No. 1. 2. 3. 4. 5. 6. 7. 8. 9.

Component Effective, research-based methods and strategies Comprehensive design with aligned components Professional development Measurable goals and benchmarks Support within the school Parental and community involvement External technical support and assistance Evaluation strategies Coordination of resources

The awards are for three years and had to be a minimum of $50,000 per year. Schools can only receive a single CSRD award. Given these conditions, federal funds therefore are intended to serve as “seed money” for whole-school reform. Beyond this period of time, schools are to continue reform with their own resources.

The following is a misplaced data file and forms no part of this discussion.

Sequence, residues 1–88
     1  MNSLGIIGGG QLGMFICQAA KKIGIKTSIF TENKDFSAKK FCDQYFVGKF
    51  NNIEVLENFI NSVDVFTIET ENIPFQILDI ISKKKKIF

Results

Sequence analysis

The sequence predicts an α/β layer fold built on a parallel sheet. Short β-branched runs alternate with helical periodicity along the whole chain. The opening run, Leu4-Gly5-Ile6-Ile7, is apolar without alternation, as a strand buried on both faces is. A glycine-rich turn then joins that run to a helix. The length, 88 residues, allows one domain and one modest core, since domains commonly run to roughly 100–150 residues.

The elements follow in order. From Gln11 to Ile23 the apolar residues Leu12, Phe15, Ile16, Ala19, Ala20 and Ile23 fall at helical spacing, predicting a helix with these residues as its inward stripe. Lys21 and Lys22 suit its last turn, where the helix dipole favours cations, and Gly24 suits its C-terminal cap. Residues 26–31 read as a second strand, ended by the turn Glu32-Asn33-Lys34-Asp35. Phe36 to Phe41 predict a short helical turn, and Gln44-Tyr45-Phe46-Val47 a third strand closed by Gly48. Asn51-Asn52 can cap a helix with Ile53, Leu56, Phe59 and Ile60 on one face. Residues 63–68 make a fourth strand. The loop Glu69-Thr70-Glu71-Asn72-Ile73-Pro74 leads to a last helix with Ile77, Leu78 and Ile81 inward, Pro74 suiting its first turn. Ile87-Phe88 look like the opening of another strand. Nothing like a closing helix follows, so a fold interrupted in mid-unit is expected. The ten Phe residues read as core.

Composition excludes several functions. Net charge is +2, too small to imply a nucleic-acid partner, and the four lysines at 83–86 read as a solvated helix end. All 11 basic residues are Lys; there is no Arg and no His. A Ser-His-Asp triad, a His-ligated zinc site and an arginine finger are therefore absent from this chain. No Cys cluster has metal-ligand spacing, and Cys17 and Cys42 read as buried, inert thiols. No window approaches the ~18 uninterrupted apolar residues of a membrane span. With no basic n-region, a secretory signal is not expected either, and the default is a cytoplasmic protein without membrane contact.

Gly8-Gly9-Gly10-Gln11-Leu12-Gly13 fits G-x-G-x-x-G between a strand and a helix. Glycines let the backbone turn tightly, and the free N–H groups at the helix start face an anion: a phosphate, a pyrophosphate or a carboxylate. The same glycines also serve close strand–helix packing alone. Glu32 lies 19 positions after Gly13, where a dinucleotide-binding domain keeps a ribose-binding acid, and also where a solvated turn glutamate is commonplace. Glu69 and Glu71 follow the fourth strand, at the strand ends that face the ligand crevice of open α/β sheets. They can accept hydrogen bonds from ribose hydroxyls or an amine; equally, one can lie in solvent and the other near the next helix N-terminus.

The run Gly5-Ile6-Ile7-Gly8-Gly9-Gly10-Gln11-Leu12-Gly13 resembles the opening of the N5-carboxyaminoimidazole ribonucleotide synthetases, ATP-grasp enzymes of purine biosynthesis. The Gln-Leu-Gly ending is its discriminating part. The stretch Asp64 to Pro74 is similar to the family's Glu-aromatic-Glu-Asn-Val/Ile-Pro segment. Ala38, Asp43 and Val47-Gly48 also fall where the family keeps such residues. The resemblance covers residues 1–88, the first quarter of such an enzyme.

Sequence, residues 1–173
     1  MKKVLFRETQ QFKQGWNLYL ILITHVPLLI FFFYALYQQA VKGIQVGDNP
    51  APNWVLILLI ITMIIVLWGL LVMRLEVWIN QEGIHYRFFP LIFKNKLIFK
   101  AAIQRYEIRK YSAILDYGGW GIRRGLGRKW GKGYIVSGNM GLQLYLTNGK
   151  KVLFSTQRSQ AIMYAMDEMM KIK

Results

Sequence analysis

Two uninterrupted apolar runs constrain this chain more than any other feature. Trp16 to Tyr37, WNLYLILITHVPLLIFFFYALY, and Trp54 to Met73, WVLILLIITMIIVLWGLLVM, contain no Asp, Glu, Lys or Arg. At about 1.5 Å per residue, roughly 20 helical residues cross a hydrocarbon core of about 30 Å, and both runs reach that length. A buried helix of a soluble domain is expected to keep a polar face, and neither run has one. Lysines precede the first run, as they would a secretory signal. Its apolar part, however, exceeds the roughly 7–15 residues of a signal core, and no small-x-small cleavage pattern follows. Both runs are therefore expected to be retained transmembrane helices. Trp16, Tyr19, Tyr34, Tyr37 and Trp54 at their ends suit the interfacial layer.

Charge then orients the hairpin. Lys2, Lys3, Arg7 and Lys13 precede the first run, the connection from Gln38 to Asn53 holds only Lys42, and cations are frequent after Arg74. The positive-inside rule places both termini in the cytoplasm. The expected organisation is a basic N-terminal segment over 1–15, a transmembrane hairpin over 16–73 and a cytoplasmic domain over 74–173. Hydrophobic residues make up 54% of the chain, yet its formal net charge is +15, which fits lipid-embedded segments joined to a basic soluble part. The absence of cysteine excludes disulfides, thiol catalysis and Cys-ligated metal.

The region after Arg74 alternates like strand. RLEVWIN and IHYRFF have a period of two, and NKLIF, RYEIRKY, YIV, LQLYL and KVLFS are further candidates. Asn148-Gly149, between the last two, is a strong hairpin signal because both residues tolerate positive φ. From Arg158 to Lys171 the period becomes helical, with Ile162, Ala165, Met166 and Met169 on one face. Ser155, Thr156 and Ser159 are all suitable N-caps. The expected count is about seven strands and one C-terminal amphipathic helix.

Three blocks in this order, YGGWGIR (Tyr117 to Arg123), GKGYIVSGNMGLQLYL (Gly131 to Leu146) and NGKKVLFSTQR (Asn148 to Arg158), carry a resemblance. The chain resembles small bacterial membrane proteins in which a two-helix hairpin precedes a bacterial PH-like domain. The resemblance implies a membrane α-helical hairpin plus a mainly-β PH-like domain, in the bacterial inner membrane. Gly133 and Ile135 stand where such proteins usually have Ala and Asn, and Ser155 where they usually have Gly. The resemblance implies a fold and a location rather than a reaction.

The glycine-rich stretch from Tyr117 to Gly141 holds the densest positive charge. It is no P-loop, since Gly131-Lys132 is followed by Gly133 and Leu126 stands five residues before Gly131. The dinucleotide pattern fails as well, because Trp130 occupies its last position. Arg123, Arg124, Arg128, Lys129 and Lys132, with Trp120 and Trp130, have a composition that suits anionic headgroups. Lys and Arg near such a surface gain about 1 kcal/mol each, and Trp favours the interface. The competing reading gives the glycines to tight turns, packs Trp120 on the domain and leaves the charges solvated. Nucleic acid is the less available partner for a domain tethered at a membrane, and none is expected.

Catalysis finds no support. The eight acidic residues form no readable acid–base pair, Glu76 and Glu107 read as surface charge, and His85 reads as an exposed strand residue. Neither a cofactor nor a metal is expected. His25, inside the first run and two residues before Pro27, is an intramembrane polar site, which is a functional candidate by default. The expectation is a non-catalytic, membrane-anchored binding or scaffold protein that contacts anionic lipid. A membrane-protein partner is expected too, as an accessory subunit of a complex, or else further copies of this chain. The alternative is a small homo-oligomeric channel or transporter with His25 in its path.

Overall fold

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The Field-Focused Study of CSRD. ED commissioned the Field-Focused Study of CSRD as one part of its national evaluation of the CSRD program. The study began by randomly selecting 18 schools from the first two annual rounds of CSRD awards (1998-99 to 2000-01, and 1999-00 to 2001-02). Field data were collected through four site visits to each school, conducted during 2000-02. The objective of the Field-Focused Study was to provide initial feedback about the implementation of the CSRD program. The topics covered by the study and in this report include: 1) The progress in implementing the 9 CSRD components by the 18 schools; 2) The role of district and state influences in implementing the program; 3) The apparent pathways or strategies for implementing comprehensive school reform; and 4) The early signs regarding the potential sustainability of the program at the school level. Conclusions on CSRD Implementation: A Mixed Pattern The main priority of the Field-Focused Study was to determine the extent and nature of CSRD implementation at the 18 schools. Overall, the schools’ implementation of CSRD at the 18 schools was uneven. Based on a 47-point instrument reflecting the 9 components and devised specifically for the Field-Focused Study, nine schools garnered 80 percent of the 47 points and could be labeled as “nearly fully” implementing CSRD. Another six schools garnered 65 percent of the 47 points and could be labeled as “partially” implementing CSRD. The remaining three schools all scored lower and were judged to be “poorly” implementing CSRD. Implementation of the 9 CSRD Components. Implementation also was uneven across the 9 components (to streamline the discussion, several related components have been paired): Component 1 (see Section 2.1 of the main report for more details): The bulk of the schools’ CSRD resources and attention has been devoted to the implementation of a research-based method. By the time of the final site visit, implementation of such a method was proceeding fully at 9 of the 18 schools, with partial or minimal implementation at the other 9; iv